Two state senators are urging the Maryland Public Service Commission to fine the state's two largest electric utilities more than $100 million each to pay for a National Guard-like “surge reserve” to help restore power after major storm outages.
At the peak, the latest storm June 29 knocked out power to more than 1 million customers of Baltimore Gas & Electric Co., the state's largest electric provider, and No. 2 Pepco. Some Marylanders went many days without power.
Unlike crews called in from distant electric utilities, the home-based surge units would have the advantage of knowing the local utility's system and service territory, as well as the ability to start work at the same time as resident crews, Sens. James C. Rosapepe and Brian E. Frosh told the Public Service Commission in a letter dated Thursday.
Retired electricians, linemen and linewomen, police, fire and rescue workers and members of the military could be recruited, and surge reserve members would agree to report for duty if called, the senators said.
The letter from Rosapepe and Frosh was just the latest missive sent this week to the PSC, which regulates the state's utilities.
Earlier, 29 legislators from Montgomery and Prince George's counties asked the commission to deny Pepco's request for a 4 percent rate hike. A decision is expected soon on the rate increase request.
And, the heads of Maryland's seven largest jurisdictions urged the PSC to determine which parts of the two utilities' service areas could most benefit from burying power lines and whether the agency should set mandatory staffing levels for the utilities.
The PSC has the authority to create the surge reserve and to levy fines to fund it, said Frosh (D-Dist. 16) of Chevy Chase, who said the idea came from Rosapepe (D-Dist. 21) of College Park.
“It's something that ought to take a couple of months, not a couple of years,” said Rosapepe, who with Frosh asked the PSC to develop a plan for the reserve within 60 days.
In their letter to PSC Chairman Douglas R.M. Nazarian, Rosapepe and Frosh reminded the commission that, under laws the legislature approved in 2011, the PSC can fine a utility as much as $25,000 per customer per day for failing to meet new, more stringent, less subjective standards for providing reliable service.
“Despite the legislature's clear policy direction and creation of additional tools to enforce compliance, the power companies failed over the past week to meet their responsibilities to more than one million Marylanders ... Altogether more than 3 million days of power service were lost,” Rosapepe and Frosh told Nazarian in their letter.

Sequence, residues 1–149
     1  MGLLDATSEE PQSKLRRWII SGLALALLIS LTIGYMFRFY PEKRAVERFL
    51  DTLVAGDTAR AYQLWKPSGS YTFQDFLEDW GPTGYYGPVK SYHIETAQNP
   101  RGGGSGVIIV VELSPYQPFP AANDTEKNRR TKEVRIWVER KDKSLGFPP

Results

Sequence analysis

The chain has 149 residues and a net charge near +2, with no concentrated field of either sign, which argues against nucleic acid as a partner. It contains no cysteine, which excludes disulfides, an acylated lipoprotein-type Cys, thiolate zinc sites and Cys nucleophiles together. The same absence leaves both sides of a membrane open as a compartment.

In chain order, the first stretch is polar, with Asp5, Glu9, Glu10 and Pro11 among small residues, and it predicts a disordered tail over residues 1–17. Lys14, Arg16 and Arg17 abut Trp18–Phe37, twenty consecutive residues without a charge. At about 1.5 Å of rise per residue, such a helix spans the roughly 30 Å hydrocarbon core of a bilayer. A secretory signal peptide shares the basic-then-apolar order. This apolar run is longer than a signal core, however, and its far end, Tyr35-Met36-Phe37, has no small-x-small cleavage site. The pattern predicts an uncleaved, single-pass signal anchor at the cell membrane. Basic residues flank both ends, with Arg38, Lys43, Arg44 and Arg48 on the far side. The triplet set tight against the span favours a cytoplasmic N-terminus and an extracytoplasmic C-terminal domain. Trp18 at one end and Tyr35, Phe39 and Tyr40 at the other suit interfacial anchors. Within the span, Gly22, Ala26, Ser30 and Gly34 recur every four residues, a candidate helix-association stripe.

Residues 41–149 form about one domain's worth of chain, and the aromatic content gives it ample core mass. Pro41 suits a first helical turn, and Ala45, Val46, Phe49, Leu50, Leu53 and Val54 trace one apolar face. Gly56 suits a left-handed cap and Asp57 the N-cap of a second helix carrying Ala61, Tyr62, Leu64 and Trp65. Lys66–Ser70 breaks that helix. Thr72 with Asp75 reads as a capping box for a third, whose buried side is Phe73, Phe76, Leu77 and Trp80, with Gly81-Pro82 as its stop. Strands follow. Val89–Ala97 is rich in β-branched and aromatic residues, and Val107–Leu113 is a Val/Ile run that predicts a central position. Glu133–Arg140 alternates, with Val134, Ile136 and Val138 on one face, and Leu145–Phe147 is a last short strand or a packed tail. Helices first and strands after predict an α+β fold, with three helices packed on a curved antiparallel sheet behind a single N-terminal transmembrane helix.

“Obviously this is intolerable if Maryland is to protect its economy,” they said, urging the commission “to hold the utilities accountable, to provide powerful financial incentives for them to modernize, and to make sure last week's crisis is never repeated.”
The letter also asks the PSC to develop a plan for burying at least those power lines that can be moved underground at the lowest cost, with the biggest improvement in reliability.
If the PSC fined Pepco and BGE $250 per customer for each day after July 1 without electric service, Pepco would be assessed $106 million and BGE $144 million, they estimated.
And even that may not be enough cost to spur the companies to invest enough to make adequate gains in reliability, they said.
The $1 million the PSC fined Pepco last year for “'imprudence'” was “pocket change,” Frosh said. “They spend more than that lobbying in a year,” he added.
Rosapepe said he'd like to see a surge reserve in place before another major outage, with the potential to leave thousands of households and businesses without power for many days, occurs.
Even before the recent severe weather utilities such as Pepco and BGE did not have enough crews to get power back on quickly because they cut back on workers trained to maintain the system, Rosapepe said.
Asked to respond to the senators' proposal, a Pepco spokeswoman said in a statement that utility officials have not had time to review the senators' proposal in detail.
Pepco's statement defended its preparations and storm response, saying it has 147 permanent, union employees on its overhead line crews and 400 overhead line contractors, including many based in the Washington region. The utility said it has more line workers than it has ever had, and call-in assistance is often available from nearby Delmarva Power and Atlantic City Electric, which are also owned by Pepco Holdings.
BGE vice president Robert Gould said it is “extremely premature to be calling for any action to be taken prior to a full, fact-based review by the Maryland Public Service Commission.”
Weather service forecasts were inadequate to warn utilities of the storm and its intensity, yet BGE restored service to nearly the same number of customers — and in about the same time — as it did after Tropical Storm Irene last year, with about 1,500 fewer workers, Gould said.
Rosapepe said he has not talked with utility executives about the proposal, but he has discussed it with employees of the PSC and Montgomery County officials.
And he and Frosh have set up web-based petitions for consumers to add their names.
Montgomery County Executive Isiah Leggett said he supports the approach that Rosapepe and Frosh outlined in their letter.
As for Pepco, “they wait too long to get [outside] crews in ... everybody else got crews in sooner,” Leggett said.
Between the June 29 storm and mid-afternoon Thursday, the PSC received 44 formal outage complaints and the agency is still tabulating phone messages sent to commission members, PSC spokeswoman Regina Davis said in an email.
The PSC has until July 20 to decide or Pepco's proposed rate hike, which would add about $5.56 per month to the average residential customers bill, goes into effect.